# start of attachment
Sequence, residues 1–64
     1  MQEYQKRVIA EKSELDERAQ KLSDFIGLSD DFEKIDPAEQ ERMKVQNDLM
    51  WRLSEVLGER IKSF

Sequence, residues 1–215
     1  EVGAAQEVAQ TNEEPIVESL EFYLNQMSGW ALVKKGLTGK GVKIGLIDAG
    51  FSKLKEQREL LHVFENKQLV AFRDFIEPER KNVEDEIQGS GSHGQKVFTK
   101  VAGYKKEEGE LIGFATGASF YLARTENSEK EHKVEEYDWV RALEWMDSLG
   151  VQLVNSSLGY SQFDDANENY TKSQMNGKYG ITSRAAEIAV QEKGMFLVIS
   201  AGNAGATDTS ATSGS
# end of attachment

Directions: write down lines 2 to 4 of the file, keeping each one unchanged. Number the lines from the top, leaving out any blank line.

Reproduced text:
     1  MQEYQKRVIA EKSELDERAQ KLSDFIGLSD DFEKIDPAEQ ERMKVQNDLM
    51  WRLSEVLGER IKSF

Sequence, residues 1–215